It looks nice and tidy if professionally installed. 

 

Copper will rust and i have seen a few houses that have the concealed system leak into the attic if they arent cleaned properly. 





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  Reply # 1880095 9-Oct-2017 21:27
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JayADee:

The white plastic on there now looks fine so that's not an issue. The angles are messed up, water sits in some places and on the longest side dirt accumulates in the middle as the down pipes are at either end. (no trees around but it is a concrete tile roof from 1950)



Our place is maybe a few years older. Even with good water flow the coarse sand doesn't move well unless you give it a blast with the hose. The tiles resting on the fascia boards can push the boards down and screw the levels up. The original nails as far as I can tell were just bright steel and had rusted through. Jacking the fascia back to its original position and renailing sorted my level problems.

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  Reply # 1880288 10-Oct-2017 12:14
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A guy who did our guttering (continuous steel) for me thought that Marley specify a slow fall so the gutters retain some water to provide a thermal buffer.

 

The continuous steel on our current place is ~6 years old.  We are in a salt spray zone but also get reasonably high rainfall.  The stainless (304) lamps outside are rusting the spouting is just fine.  Early days of course but no signs of corrosion anywhere at all, not even at corners etc.

 

PVC downpipes (painted as per covenants) show signs of movement due to expansion and contraction.





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  Reply # 1880291 10-Oct-2017 12:17
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kryptonjohn:

 

 

 

Dunno what the guide is for steel, but Marley prescribes 5mm fall per 10m which is somewhere between bugger all and impossible to measure!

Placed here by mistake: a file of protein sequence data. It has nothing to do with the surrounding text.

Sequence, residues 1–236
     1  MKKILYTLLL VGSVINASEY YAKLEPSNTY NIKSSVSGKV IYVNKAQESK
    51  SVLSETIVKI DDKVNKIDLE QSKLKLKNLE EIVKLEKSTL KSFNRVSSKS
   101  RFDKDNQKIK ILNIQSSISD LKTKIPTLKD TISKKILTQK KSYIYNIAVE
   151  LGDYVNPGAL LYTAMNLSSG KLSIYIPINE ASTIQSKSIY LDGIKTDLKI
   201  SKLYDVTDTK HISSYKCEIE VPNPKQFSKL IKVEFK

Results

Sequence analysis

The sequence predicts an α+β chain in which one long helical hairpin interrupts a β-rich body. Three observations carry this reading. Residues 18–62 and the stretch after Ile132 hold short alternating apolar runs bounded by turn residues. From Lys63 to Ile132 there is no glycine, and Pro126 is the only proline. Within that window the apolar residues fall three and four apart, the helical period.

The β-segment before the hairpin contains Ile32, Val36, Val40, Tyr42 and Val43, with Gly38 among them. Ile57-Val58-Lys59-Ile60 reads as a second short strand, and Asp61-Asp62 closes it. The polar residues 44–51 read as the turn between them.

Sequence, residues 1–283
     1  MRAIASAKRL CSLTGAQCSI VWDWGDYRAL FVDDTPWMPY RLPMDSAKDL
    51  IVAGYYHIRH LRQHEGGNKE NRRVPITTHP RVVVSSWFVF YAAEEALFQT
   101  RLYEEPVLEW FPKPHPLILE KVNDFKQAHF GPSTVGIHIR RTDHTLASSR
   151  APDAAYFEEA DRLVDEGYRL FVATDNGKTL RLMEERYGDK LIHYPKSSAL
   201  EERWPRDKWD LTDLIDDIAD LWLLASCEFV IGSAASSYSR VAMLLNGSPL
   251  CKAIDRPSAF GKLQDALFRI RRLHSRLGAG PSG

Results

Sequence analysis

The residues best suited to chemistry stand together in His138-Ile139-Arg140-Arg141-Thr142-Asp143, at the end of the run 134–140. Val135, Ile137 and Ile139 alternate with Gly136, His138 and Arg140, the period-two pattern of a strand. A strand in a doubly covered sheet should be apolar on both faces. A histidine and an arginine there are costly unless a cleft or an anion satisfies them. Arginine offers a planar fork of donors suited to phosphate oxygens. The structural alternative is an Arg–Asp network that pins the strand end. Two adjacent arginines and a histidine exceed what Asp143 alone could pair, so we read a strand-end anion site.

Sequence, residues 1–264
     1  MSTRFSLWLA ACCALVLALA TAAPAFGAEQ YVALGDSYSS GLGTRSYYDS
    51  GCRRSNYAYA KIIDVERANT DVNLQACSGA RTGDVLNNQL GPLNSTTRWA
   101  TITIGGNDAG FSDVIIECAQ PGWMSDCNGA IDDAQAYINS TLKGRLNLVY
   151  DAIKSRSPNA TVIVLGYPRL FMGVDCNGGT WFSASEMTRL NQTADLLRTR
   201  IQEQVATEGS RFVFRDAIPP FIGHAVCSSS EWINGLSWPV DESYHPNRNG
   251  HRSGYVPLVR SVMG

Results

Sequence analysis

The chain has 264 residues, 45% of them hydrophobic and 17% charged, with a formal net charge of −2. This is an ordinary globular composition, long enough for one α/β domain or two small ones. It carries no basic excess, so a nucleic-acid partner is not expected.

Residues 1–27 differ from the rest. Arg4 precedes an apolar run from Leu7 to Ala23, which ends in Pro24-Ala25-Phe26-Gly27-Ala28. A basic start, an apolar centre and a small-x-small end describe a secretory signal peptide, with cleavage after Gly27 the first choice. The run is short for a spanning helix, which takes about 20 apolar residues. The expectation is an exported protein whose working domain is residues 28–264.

Provided your fascia boards are level ...

 

  • Measure up from bottom at both ends
  • Put some nails in
  • Run a (tight) string line
  • Install brackets to string line.

Pros use laser levels





Mike

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  Reply # 1880310 10-Oct-2017 12:33
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I think in a 60yo house that would be a big assumption, @MikeAqua

 

5mm is small and 10m is big and 60yo timber is a bit wavy.

 

I think a laser level is the only way but perhaps a mid point string level will do.

 

I generally look for excuses to buy a tool and I think a laser level could be really handy. 

 

Of course you then end up installing things level in a house that is not level and they look off!

 

 

 

 

 

 

 

 

 

 


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  Reply # 1880312 10-Oct-2017 12:35
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I might have to go get one of these then think of something to level with it. Downside is perhaps no good outside?

 

https://www.bunnings.com.au/bosch-cross-level-and-plumb-line-laser-level-set_p5660265

 

 


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  Reply # 1880392 10-Oct-2017 15:02
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kryptonjohn:

 

I think in a 60yo house that would be a big assumption, @MikeAqua

 

5mm is small and 10m is big and 60yo timber is a bit wavy.

 

I think a laser level is the only way but perhaps a mid point string level will do.

 

I generally look for excuses to buy a tool and I think a laser level could be really handy. 

 

Of course you then end up installing things level in a house that is not level and they look off!

 

 

 

I missed the age and agree its likely to have moved a bit.

 

Laser levels are great tools. I first used one as labourer on a building site in the 1990s for concrete boxing.  Made the job so easy.  Lift till tone and fire!  Just like Top Gun.

 

I was hoping to use one when I re-clad the our (1920s) house in 2004 but everything was still level flush and plumb.  Mind you the soil there had so much river stone, that digging a strainer post-hole was a psychologically scarring ordeal.





Mike